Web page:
Huawei launches ‘HarmonyOS’ to compete with Android
Huawei Technologies Co., the Chinese tech-giant, on Friday finally unveiled its much-anticipated in-house operating system, the HongmengOS, also known as the HarmonyOS in English, at the on-going Huawei’s Developer Conference in Dongguan, South China’s Guangdong Province.
“We’re entering a day and age where people expect a holistic intelligent experience across all devices and scenarios. To support this, we felt it was important to have an operating system with improved cross-platform capabilities. We needed an OS that supports all scenarios, that can be used across a broad range of devices and platforms, and that can meet consumer demand for low latency and strong security,” Richard Yu, CEO of Huawei’s Consumer Business Group said while revealing the OS.
“These were our goals with HarmonyOS. HarmonyOS is completely different from Android and iOS. It is a microkernel-based, distributed OS that delivers a smooth experience across all scenarios. It has a trustworthy and secure architecture, and it supports seamless collaboration across devices. You can develop your apps once, then flexibly deploy them across a range of different devices.”
Harmony OS is a microkernel-based operating system, just like Google’s rumored Fuchsia OS, which will work across several devices without compromising the security. However, the company quickly pointed out that Harmony OS was not meant to replace Android on smartphones.
Huawei confirmed that the OS will be locked, i.e, users won’t have root-level access, which is a security threat for any device running Android.
Over the next three years, HarmonyOS will be improved and gradually adopted across different devices from smartphones to smart speakers to sensors and also across a broader range of smart devices, including smart TVs, wearables, smart screens (Huawei Vision), and car head units.
When questioned whether HarmonyOS can be used in its smartphones, Yu said some features of the OS has already been used in its premium smartphone models and other devices.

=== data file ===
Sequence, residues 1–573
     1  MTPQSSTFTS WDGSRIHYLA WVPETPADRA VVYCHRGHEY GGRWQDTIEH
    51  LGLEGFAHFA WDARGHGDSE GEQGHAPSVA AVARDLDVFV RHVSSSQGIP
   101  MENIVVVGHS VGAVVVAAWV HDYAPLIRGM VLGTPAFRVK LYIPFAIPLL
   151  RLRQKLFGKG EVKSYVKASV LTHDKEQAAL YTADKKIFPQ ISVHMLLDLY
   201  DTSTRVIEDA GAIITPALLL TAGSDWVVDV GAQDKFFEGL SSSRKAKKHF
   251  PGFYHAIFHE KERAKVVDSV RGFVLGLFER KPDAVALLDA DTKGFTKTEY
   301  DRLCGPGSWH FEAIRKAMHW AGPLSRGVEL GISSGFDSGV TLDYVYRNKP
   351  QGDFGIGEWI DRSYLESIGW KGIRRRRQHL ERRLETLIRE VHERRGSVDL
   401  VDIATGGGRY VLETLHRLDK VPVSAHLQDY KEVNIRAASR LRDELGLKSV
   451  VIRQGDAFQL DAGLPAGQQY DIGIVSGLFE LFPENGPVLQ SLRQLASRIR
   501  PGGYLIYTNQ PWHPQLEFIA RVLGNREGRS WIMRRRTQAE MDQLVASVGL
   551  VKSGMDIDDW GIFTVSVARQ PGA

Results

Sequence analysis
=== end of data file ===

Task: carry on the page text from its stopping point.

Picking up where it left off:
“Of course, it can be used in smartphones. But Android is still Huawei’s preferred choice for handsets, given the status-quo ecosystem. However, when Android is not available, Harmony can be applied to smartphones immediately,” Yu added.
The company wants to build HarmonyOS into the most open OS and ecosystem, as it has plans to open-source HarmonyOS in the near future. To start with, HarmonyOS will initially launch the OS in China and then expand it further to the global ecosystem.
For those unaware, in May, Huawei was swept into the trade war between Beijing and the U.S., where the latter had placed the company on its so-called Entity List. While Huawei had started working on the new OS two years ago, the trade tiff prompted the company’s engineers and software programmers to accelerate the process of developing HarmonyOS, as an alternative to Google’s operating system, Android.
“If we can’t use Google’s Android anymore, we can use our own OS anytime if needed,” Yu said. “In contrast to Android and [Apple’s] iOS system, HarmonyOS was developed for the future. You can develop your apps, then flexibly deploy them across a range of different devices.”
Huawei claims that a version 2.0 of HarmonyOS will be available next year, which will be followed by version 3.0 in 2021. While the company has the option to migrate to HarmonyOS in 1-2 days, Huawei has decided on sticking to Android OS for now, keeping in mind the interests of its current partners who are dependant on Android.